New Series—The Works of Dr. Abstreuss
To Be Published 2021–2023
Psammeticus Press is proud to announce its new line of books for linguists-to-be. Written by Dr. Abstreuss, who must know what he’s talking about because he comes from one of those ____mouth Colleges, these books are sure to earn your children’s respect until they’re at least seven.
And to Think That I Heard It on Fourth Avenue—A sociolinguist asks various people what street he’s on.
Bartholomew and the Dooblets—Bartholomew must rescue his dialect from an invading swarm of Zwillinge étymologiques called Dooblets.
Fax in Sax—A playful vulpine protagonist produces tongue twisters by applying regular sound changes, not all of which are age-appropriate.
The Feet Book—Sam Iamb meets odd characters with unusual feet, including Tara Dactyl, Anna Pest, and a whole bunch of Paeons.
The 500 Hats of L. L. Zamenhof—Every time the doctor tries to write a háček, it magically gets turned upside down.
Green Ideas and Hamza—Noam-You’re-Not tries to get an unnamed character to use his glottis in a variety of structures, but he always responds, “Stop!”
How the Grinch Stole Structuralism—An antisocial hermit swoops in with a rag-tag band of misfits and steals all the trappings of Structuralism, leaving the bereft Linguistic Villagers to wonder whether there will ever be anything to celebrate again.
Hunches in Large Quantities, I Can Theorize with My Eyes Shut and Fingers in My Ears!, and Oh, the Thoughts I Done Thunk!—Multiple theorists learn the important lesson that they don’t have to write down everything that pops into their head. “We’re very productive”, they protest. “Like a cough”, retorts the narrator phlegmatically.
If I Ran the Linguistics Department—The narrator makes enemies by saying that many of the professors are old-fashioned and not quite good enough, but he ends up head of the department anyway by promising to buy a fancy new espresso machine.
The Larynx—The Larynx recounts the plight of the vocal tract and the Larynx—a windy, whingy phonetician-like organ—who speaks for the phones against the tweedy Pronunce-ler.
Mr. Jones Can Make a Nasal-Ingressive Voiceless Velar Trill! Can You?—The lead character makes animal sounds and creates IPA characters for them.
Norton Hears a Whom!—Norton discovers a tiny planet where English speakers use a particular object pronoun, but are they correct or hypercorrect?
Oh, the Places I’ve Been!—The narrator recounts horror tales from the field, complaining about subpar accommodations, unappetizing food, frizzy hair, and more.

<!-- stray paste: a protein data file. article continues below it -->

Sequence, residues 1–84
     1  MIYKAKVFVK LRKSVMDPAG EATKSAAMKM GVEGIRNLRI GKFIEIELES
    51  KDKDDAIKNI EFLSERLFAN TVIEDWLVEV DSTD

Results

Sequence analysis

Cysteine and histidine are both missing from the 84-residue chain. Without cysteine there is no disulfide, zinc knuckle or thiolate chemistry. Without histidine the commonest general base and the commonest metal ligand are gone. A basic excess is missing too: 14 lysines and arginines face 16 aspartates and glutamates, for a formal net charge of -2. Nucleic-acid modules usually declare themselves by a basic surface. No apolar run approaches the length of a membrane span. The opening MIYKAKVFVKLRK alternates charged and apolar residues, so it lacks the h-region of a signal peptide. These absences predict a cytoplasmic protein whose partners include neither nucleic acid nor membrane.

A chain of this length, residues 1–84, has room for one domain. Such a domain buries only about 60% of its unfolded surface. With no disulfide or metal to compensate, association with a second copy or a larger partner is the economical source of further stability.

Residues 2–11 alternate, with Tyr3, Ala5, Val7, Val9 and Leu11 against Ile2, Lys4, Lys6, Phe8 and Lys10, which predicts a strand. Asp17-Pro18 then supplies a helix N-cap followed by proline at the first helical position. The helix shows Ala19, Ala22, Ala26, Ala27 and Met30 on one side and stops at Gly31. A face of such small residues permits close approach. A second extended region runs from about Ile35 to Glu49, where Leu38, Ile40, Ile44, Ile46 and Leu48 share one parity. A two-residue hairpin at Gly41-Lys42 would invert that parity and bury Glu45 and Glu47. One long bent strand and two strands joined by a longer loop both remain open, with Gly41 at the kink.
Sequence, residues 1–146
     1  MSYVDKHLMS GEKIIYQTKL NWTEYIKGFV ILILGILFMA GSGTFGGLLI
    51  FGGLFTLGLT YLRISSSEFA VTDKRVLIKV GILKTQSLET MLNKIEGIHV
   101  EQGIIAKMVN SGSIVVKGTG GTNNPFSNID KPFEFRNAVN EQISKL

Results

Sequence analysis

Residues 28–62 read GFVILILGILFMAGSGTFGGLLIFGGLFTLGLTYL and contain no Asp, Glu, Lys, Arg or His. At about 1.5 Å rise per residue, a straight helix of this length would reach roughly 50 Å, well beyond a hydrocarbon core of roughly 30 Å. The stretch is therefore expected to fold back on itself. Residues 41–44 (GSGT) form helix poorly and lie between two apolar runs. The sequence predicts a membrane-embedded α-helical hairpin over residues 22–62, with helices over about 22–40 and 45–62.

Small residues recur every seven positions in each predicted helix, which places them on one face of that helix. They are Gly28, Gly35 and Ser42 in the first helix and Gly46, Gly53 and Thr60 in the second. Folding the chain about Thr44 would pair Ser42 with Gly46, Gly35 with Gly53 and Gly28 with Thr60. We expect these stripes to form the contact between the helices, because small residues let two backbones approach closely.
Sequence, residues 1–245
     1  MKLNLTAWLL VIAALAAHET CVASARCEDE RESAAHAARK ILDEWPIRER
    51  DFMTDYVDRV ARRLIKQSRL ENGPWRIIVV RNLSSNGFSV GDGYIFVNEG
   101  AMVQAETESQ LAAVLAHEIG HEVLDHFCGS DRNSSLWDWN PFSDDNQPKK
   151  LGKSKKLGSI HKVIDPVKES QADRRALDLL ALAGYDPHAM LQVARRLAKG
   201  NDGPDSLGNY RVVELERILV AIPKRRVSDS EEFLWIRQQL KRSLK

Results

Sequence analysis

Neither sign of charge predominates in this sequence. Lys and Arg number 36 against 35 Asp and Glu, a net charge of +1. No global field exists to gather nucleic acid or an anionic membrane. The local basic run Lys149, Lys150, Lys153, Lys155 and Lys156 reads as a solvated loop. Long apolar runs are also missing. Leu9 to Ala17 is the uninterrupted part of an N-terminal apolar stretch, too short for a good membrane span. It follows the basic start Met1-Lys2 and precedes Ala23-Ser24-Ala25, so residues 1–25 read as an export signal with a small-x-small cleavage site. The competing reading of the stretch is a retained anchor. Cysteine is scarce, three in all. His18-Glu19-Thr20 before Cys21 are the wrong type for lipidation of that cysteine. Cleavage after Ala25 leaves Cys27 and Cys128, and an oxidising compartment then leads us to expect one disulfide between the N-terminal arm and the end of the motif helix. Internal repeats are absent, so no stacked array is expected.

On Beyond Zeta!—A young Greek boy gets only one-quarter of the way through the alphabet before his overactive imagination invents new letters.
One Fish Two Fish Zero-Morph Plural Form—From there to here, hence thither, two kids meet a variety of funny creatures with irregular plurals. It’s like Wales!
Scrambled Gegs Super—Theoretical linguists discover that ‘eggs’ is not the correct underlying form.
The Snowtches—Competing groups of Germanists on a beach tussle over which ablaut stem vowel alternation is the best.
The Rask in the Mask—A graduate student unmotivated to work on her thesis while stuck at home during COVID-19 is visited by a famous linguist.
The Rask in the Mask Comes Back—The Rask in the Mask returns, bringing along Small Clause A nested inside his utterance. Small Clause A reveals Small Clause B inside his utterance, and so on down to the microscopic and monomorphemic Small Clause Z. Together they try to get rid of a high tone that has spread from the NP to the VP to the PP.
There’s a Hockett in My Pocket!—A little boy talks about the strange phonemes that live in his mouth, such as the Mooth on his tooth, the Pflung on his tongue, the g͡baɭveeler q͡ʡidʝ on his alveolar ridge and the ǁʃeeluɱ on his velum.
The Tuff Coffs as He Plaos the Deaux—A collection of Dr. Abstreuss’s early writings and cartoons on spelling reform.
Tupi or Not Tupi?—In this award-winning sequel to the beloved children’s book Where’s Walde?, a bright-eyed phonetician embarks on a song-filled adventure to find the one Tupi speaker hidden in the giant multilingual city she lives in.
Dr. Abstreuss also wrote several books under the pen name Theo. ßuertsba (Abstreuss spelled backwards), including:
Please Try to Remember the First of Duodecember!—Imagine a day when all your wishes for etymological consistency come true in this classic Beginner Book! Duodecember the First is the day on which all your entirely reasonable etymological wishes come true.
Ten Examples Up On Top!—Three academics—a lyin’, a DAG, and a twanger—consistently pile out-of-context examples from languages they don’t know into their academic papers for fun.
Wackernagel Wednesday—The narrator has difficulty communicating when different elements of people’s sentences keep vying for second position.